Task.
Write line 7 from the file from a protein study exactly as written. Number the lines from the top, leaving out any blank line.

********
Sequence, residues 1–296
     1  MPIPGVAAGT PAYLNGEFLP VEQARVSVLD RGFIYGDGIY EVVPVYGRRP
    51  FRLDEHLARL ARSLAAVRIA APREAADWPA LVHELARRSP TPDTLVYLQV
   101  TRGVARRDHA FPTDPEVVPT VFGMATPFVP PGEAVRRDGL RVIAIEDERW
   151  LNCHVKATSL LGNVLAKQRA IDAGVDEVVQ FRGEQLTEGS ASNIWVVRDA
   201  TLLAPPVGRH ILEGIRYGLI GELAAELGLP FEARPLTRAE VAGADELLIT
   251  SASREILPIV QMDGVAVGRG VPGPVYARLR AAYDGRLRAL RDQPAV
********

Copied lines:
   251  SASREILPIV QMDGVAVGRG VPGPVYARLR AAYDGRLRAL RDQPAV